Layer styles are special effects that can be quickly and easily applied to individual layers in Photoshop to drastically change the appearance of something in very little time. They can be preset, customized, or even saved and used for later.
One of the useful properties of Layer Styles are there relationship to the layer contents. Since the style is actually a separate entity that is just linked to the layer, it will continually update itself as a layers contents are edited or moved. Furthermore, the effects can easily be adjusted after applying them, making them non-destructive in nature.
Using Layer Style Presets
Photoshop comes packed with a good number of Layer Style Presets, all which are accessible through the Styles Palette (Window > Styles). To apply a Layer Style, select the Layer you’d like to work with in your document from the Layers Palette, and then select the Layer Style which you would like to apply.
A Text Layer Before and After a Layer Style Preset is applied to it.
After applying a Layer Style, the effects in the layer can be seen, adjusted, disabled or reenabled from the Layers Palette. Layers with effects applied to them will have a small round icon with an ‘f‘ in it. To expand or collapse the effects applied to a layer, click the arrow to the right of this icon.
When a layers effects have been expanded, you can quickly disable specific effects within the layer style by clicking the eye icon next to the effect. Just like a layer, these effects can become visible again by clicking the blank area (where the eye would reside) when an effect is disabled.
Making Quick Changes
You can make quick changes to a layers style by double clicking the ‘f‘ icon to pull up the Layer Style Options. From here, you can completely customize your layers style.
Creating your own Effects and Styles
To add your own layer effects, and create your own styles, go to Layer > Layer Style > Blending Options, or Right Click your Layer, and select Blending Options. This will bring up the Layer Style Options.
Effects (B) can be enabled by checking them, and likewise, disabled by unchecking them. To edit an effect, you need to click the name (rather than checkbox). The effects settings will be displayed in the Options area (C), where they can be easily adjusted. To apply a set of effects and options, simply press OK.
Styles can be built with the following effects:
- Drop Shadow – Creates a shadow behind the layers contents.
- Inner Shadow – Creates a shadow on top of the layers contents.
- Outer Glow – Creates a glow behind the layers contents. Cannot be distanced like the drop shadow.
- Inner Glow – Creates a glow on top of the layers contents. Again, cannot be distanced like the inner shadow.
- Bevel and Emboss – Used to create unique highlight and shadow effects on a layers contents.
- Satin – Gives the layer contents a satin-like, glossy appearance.
- Color Overlay – Fills the layer contents with a solid color.
- Gradient Overlay – Fills the layer contents with a gradient.
- Pattern Overlay – Fills the layer contents with a pattern.
- Stroke – Creates an outline on layer contents using a solid color, gradient, or pattern.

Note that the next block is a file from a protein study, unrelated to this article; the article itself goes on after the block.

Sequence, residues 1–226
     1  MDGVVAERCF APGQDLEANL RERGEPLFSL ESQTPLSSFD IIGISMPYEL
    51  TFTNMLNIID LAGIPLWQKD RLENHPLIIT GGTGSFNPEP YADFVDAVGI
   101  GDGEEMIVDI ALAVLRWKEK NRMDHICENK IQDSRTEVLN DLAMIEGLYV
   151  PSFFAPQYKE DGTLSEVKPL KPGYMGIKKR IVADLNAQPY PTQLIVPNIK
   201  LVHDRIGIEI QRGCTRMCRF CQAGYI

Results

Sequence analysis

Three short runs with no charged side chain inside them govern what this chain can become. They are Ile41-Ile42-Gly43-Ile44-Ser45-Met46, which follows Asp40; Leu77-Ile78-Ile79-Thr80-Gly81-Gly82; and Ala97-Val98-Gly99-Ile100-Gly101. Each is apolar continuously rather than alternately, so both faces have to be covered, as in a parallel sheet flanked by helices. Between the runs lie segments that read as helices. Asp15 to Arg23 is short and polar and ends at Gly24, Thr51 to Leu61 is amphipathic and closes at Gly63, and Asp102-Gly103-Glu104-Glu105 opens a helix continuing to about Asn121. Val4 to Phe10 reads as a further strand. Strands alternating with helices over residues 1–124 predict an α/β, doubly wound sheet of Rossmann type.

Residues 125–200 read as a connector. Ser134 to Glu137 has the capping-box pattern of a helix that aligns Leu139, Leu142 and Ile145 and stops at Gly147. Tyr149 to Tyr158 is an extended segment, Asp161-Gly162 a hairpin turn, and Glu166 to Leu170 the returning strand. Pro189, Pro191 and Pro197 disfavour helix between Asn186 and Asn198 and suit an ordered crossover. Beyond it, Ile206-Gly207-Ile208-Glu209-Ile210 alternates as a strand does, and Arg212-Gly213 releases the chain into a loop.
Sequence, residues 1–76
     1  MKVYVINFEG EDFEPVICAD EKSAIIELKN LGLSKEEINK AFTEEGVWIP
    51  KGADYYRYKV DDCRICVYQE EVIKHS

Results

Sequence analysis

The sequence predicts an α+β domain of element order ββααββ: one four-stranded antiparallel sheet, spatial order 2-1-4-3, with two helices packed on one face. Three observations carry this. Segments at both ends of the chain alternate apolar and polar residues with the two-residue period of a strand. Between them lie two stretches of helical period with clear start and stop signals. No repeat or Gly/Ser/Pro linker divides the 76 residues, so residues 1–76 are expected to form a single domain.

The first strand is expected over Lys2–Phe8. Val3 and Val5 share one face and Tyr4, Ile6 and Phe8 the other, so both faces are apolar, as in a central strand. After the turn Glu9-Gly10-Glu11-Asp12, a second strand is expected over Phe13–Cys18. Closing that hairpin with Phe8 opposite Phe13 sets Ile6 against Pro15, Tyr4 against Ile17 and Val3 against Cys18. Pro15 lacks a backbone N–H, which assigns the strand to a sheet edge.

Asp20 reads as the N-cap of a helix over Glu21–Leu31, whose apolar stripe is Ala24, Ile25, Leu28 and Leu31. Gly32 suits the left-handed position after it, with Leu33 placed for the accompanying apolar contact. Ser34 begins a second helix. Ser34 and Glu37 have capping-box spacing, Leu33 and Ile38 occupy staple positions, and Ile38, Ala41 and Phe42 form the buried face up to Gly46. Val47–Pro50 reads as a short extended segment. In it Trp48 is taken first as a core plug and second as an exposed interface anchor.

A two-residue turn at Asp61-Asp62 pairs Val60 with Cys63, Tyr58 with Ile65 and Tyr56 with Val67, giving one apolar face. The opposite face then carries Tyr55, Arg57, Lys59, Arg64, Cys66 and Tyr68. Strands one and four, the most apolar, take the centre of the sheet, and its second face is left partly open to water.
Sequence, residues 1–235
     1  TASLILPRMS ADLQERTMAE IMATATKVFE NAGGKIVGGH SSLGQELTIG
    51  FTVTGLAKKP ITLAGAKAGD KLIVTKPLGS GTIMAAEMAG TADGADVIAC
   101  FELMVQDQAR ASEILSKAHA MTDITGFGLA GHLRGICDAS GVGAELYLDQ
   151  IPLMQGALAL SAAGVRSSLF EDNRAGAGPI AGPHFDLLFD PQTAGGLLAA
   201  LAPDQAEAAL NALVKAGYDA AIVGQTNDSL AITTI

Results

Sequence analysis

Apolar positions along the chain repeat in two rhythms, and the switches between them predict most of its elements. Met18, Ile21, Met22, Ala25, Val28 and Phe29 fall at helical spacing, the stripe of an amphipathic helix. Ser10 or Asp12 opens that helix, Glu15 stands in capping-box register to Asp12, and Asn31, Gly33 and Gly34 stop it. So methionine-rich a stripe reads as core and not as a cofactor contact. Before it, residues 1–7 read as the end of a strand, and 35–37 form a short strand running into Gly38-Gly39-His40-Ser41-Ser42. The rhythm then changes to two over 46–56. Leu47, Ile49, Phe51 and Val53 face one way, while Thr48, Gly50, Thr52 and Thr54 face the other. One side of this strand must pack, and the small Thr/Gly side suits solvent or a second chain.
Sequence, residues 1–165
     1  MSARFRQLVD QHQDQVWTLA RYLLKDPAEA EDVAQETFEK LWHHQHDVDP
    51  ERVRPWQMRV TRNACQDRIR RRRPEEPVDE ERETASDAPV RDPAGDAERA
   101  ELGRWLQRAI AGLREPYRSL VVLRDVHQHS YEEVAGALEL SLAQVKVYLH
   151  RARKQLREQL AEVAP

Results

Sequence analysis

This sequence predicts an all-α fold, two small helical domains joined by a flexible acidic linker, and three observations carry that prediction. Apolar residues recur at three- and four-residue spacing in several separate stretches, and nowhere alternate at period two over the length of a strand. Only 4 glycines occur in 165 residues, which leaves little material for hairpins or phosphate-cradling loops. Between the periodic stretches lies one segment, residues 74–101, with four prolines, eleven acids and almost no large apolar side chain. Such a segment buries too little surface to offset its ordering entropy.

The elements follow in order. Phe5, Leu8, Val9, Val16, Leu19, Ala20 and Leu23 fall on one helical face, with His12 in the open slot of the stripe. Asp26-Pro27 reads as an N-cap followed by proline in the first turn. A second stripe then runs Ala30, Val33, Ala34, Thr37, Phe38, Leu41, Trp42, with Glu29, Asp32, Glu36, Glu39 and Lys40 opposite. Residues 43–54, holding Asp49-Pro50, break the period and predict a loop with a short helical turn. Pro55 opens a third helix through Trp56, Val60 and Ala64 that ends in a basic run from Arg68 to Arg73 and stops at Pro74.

Give it a Try!
Let’s try it out to make sure we’ve got a clear understanding of all this. We’re going to test our abilities by creating a basic layer style for some text.
Right Click the text layer, and Select Blending Options.
First we’re going to add a Drop Shadow. Check the Drow Shadow Effect, and click on it to bring up it’s options. Set things up as shown in the diagram below:
As you’re making adjustments, you should be able to see changes being made in your actual document. Keeping an eye on your document while adding effects will allow you to better determine how to adjust settings.
Now let’s add a Bevel and Emboss. Again, mimic the settings shown in the diagram shown below.
Nothing really new here. You may want to experiment as I suggested earlier to have a better understanding of the different settings here, but most of them are pretty self-explanatory.
Now let’s add a Gradient Overlay.
By default, the Gradient Overlay will probably use a Foreground to Background gradient, which is not exactly what we are looking for (unless we’ve setup the Foreground and Background Colors in Photoshop specifically for this step). That’s OK though, because we can easily adjust the gradient from here.
Click on the gradient shown in the Gradient Picker (Black fading to White in the above diagram). This will bring up the Gradient Editor. From the Gradient Editor, you may choose a gradient preset, or create a new custom gradient of your own. Towards the bottom of the editor is the current gradient, with Opacity Stops (Determine how opaque the gradient is at a specific point) and Color Stops (Determine what colors are used in the Gradient). We can add, delete, and modify stops by clicking anywhere above or below the gradient, or by clicking on the stops themselves.
We only want to modify the current color stops. Double Click the first color stop, and apply the color #50a2e7, and then apply the color #75cefc to the right most stop. Click OK to Apply the Gradient.
Click OK to apply the layer style you’ve created.
Congratulations! You’re now skilled in the art of layer effects and styles!